Increased oxidative stress is largely responsible for the development and improvement of DM and its complications. Pancreatic islets have low expression levels of antioxidant enzymes, which make them more vulnerable to oxidative damage. Biomarkers such as MDA are used to assess oxidative stress, with increased levels indicating higher levels of lipid peroxidation. Oxidative stress in diabetes is reduced by GLP-1, which activates the cAMP, PI3K, and PKC pathways through receptors and Nrf-2. This also increases the antioxidant capacity. Conversely, oxidative stress can be reduced by suppressing ROS through radical scavenging and chelating mechanisms, thus protecting pancreatic beta cells [51].

4.2.2. Gastrointestinal Tract

Regulation of Carbohydrate Metabolism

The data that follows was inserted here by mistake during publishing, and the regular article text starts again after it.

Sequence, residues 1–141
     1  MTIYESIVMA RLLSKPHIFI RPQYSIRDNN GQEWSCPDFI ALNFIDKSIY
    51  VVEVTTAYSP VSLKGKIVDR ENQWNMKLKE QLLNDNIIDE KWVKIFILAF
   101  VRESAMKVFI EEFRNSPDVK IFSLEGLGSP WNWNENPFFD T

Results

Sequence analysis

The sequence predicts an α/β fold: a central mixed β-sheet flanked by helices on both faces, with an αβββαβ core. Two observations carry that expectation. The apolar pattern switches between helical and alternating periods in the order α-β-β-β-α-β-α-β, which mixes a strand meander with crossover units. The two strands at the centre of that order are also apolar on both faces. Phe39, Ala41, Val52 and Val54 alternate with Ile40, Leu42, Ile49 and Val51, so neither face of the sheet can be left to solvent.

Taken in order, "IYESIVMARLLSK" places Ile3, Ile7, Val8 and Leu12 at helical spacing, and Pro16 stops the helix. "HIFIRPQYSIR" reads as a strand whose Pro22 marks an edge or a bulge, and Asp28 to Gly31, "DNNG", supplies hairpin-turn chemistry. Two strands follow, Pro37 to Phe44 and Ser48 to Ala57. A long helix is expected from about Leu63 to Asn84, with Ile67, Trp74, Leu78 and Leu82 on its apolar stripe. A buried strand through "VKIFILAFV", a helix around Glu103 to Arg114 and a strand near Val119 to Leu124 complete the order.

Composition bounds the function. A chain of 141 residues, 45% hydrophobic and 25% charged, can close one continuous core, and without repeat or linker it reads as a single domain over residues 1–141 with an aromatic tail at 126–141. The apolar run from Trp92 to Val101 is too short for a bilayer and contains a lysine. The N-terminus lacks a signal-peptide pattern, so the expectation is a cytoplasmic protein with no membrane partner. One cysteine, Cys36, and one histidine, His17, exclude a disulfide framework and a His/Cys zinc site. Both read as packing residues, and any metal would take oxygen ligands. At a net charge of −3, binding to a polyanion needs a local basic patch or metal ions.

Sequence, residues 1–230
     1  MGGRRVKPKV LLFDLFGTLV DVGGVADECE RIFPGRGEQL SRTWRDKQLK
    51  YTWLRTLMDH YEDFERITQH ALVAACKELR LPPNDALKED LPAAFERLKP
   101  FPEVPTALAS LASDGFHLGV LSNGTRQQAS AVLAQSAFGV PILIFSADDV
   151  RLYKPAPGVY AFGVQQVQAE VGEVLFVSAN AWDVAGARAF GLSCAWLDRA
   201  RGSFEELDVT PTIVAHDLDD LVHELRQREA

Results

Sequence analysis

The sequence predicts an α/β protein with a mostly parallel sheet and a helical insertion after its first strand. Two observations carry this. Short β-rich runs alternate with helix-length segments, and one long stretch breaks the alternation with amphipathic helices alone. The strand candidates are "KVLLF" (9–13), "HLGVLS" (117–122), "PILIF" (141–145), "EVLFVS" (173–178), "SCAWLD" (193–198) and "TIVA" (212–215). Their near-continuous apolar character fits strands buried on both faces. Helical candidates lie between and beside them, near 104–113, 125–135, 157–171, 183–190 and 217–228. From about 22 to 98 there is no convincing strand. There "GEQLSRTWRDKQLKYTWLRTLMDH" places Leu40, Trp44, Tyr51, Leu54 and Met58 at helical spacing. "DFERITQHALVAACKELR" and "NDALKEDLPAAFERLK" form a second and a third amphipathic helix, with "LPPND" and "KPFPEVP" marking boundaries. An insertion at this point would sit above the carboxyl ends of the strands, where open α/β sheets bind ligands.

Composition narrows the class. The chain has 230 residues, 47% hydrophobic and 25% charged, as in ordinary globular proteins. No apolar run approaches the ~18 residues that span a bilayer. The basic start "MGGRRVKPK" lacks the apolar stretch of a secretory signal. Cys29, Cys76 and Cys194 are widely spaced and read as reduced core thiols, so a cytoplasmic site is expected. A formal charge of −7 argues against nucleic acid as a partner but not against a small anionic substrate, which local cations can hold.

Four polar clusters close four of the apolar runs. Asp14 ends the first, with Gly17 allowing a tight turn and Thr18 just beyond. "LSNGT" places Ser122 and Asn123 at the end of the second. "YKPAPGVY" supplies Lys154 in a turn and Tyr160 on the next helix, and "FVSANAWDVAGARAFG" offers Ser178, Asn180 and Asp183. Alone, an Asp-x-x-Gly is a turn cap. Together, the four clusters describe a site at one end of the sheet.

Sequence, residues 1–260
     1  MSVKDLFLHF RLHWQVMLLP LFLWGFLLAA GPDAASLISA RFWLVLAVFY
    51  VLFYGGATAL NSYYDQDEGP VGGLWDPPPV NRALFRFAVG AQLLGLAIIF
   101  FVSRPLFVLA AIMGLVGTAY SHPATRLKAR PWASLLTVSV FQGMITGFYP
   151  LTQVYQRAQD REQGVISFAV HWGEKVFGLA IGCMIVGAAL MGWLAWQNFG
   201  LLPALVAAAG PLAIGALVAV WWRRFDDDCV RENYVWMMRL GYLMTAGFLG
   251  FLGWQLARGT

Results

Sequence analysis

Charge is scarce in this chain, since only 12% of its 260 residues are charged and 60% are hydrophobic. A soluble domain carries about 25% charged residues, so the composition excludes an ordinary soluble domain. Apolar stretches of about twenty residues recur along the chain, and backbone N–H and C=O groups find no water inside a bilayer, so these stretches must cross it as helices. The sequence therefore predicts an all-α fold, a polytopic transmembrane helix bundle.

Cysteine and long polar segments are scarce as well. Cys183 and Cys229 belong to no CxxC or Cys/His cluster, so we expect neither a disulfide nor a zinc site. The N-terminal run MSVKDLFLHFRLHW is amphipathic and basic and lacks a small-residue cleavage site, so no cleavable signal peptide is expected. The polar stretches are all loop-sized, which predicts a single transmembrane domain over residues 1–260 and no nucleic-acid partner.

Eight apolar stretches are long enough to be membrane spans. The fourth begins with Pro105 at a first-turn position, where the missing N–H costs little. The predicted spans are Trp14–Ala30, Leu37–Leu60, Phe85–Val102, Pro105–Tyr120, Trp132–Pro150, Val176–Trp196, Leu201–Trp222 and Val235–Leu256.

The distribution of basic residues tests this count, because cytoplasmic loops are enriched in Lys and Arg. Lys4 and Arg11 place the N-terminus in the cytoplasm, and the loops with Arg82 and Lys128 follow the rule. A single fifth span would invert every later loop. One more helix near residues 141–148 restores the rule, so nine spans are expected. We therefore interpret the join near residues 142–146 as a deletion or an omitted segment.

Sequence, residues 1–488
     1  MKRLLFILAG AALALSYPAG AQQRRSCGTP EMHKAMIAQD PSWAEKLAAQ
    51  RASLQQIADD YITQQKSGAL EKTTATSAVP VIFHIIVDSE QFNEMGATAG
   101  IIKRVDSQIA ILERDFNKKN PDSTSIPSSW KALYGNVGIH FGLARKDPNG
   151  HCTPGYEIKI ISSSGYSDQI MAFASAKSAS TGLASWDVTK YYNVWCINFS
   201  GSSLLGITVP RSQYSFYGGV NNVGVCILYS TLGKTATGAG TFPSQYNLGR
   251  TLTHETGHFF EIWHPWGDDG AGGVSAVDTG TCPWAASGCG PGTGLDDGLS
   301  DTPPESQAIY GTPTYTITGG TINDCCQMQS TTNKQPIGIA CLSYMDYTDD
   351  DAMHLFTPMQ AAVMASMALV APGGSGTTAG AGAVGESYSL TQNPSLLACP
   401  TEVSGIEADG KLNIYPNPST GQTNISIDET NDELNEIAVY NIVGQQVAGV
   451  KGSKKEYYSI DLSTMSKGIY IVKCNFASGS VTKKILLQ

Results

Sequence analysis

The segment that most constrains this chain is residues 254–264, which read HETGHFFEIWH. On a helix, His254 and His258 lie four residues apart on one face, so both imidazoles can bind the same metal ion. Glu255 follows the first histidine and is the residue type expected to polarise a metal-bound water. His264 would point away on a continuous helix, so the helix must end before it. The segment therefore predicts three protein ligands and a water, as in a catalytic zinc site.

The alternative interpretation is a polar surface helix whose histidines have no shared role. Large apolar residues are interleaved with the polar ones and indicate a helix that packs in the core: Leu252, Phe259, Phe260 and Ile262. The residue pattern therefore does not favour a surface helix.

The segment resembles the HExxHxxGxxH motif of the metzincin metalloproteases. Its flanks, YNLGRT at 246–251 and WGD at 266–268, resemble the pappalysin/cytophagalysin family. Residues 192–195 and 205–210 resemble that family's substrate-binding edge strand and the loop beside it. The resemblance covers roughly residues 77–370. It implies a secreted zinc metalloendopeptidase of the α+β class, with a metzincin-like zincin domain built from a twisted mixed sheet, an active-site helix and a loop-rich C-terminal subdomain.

The inhibition of α-glucosidase influenced the capability of the small intestine to inhibit the absorption of carbohydrates. This particular enzyme inhibited the conversion of complex carbohydrates and was unable to be assimilated into simple carbohydrates [52]. The IC50 values of all the compounds were investigated to be in the range of 4.46 µM to 64.14 µM, which were observed in various studies on the efficacy of α-glucosidase inhibitors in comparison to acarbose. Ethyl caffeate could inhibit α-glucosidase more effectively (about 6.77 times more than acarbose). These flavonoid compounds had a potent inhibitory effect on α-glucosidase, such as rutine, isoquercitrin, quercetin, kaempferol, and hyperoside [12]. Compared to acarbose, Trans-N-(p-coumaroyl)tyramine, 3,4,5-Tricaffeoylquinic acid, trans-N-feruloyltyramine, and cis-N-feruloyltyramine inhibited α-glucosidase 37.9, 36.6, 18.7, and 11.8 times more effectively, respectively. Quercetin-3-O-glucosidase and 7-Hydroxy-5-methoxycoumarin, with respective IC50 values of 22.38 ± 1.73 µM and 64.14 ± 9.23 µM, also had good activity [16]. Chlorogenic acid was also predicted to have inhibition activities on α-glucosidase and tyrosinase. The docking results also supported that Chlorogenic acid binds to the active site of α-glucosidase and can act in a reversible competitive manner through hydrogen bonds [19]. Peonidin 3-O-[2-O-(6-O-E-feruloyl-β-D-glucopyranosyl)-6-O-E-caffeoyl-β-D-glucopyranoside]-5-O-β-D glucopyranoside showed that a potent maltase inhibition was preferred over sucrase inhibition [27]. The aqueous fraction contained an acidic glycoprotein (IC50 53 µg/mL) that exhibited anti-diabetic properties and was predicted to have a mechanism of α-glicosidase inhibition, which is a significant breakthrough for the care of DM. This finding is particularly noteworthy when compared to acarbose [14].